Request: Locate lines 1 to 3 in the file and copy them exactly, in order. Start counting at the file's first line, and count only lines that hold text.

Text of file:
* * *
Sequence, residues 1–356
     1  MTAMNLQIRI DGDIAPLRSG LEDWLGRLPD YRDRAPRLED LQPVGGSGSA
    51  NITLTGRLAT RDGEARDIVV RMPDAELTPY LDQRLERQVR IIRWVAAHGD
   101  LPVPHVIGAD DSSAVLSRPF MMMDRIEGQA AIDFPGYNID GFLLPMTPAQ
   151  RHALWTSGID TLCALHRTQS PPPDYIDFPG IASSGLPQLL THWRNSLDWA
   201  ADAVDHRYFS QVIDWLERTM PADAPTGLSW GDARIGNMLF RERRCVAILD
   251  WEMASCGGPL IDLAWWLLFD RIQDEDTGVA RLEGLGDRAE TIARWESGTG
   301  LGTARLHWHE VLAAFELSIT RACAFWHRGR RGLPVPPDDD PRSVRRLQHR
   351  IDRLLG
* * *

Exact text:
Sequence, residues 1–356
     1  MTAMNLQIRI DGDIAPLRSG LEDWLGRLPD YRDRAPRLED LQPVGGSGSA
    51  NITLTGRLAT RDGEARDIVV RMPDAELTPY LDQRLERQVR IIRWVAAHGD